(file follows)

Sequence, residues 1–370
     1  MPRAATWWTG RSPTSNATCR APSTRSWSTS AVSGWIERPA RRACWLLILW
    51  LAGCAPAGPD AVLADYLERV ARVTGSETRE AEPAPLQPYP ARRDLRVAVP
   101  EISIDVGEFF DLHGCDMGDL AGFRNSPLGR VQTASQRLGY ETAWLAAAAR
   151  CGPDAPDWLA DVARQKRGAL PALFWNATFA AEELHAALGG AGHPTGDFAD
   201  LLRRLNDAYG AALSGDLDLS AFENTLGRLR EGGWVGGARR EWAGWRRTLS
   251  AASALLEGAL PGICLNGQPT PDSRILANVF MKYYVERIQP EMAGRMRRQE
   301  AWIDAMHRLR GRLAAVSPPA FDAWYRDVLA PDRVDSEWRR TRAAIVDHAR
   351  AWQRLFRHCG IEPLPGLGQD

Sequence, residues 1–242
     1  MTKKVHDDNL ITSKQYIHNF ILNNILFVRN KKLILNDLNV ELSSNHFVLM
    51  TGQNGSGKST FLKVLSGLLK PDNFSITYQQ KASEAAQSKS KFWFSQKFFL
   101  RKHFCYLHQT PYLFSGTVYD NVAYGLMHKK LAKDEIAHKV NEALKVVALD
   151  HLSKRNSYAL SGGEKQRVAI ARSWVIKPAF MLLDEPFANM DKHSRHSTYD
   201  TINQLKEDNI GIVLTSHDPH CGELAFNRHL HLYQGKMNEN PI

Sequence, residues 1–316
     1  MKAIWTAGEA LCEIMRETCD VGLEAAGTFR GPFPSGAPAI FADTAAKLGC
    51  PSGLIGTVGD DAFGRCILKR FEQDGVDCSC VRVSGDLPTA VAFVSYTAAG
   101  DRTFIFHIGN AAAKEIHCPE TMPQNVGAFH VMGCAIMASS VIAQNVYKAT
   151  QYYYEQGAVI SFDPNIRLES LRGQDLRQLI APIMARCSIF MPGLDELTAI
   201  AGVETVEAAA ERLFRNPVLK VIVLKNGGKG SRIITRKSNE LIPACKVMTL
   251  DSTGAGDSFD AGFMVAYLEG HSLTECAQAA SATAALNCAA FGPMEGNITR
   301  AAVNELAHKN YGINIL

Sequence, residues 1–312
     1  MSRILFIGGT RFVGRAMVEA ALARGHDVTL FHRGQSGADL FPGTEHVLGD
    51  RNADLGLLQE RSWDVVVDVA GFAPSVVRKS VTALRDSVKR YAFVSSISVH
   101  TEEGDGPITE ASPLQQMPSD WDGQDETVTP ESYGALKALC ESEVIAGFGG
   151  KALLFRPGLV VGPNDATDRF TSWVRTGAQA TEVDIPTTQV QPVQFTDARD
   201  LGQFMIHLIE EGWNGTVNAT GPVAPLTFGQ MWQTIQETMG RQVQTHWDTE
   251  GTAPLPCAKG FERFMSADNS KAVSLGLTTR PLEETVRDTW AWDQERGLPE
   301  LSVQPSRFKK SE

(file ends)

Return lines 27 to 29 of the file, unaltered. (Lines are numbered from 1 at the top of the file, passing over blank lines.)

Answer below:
   101  TEEGDGPITE ASPLQQMPSD WDGQDETVTP ESYGALKALC ESEVIAGFGG
   151  KALLFRPGLV VGPNDATDRF TSWVRTGAQA TEVDIPTTQV QPVQFTDARD
   201  LGQFMIHLIE EGWNGTVNAT GPVAPLTFGQ MWQTIQETMG RQVQTHWDTE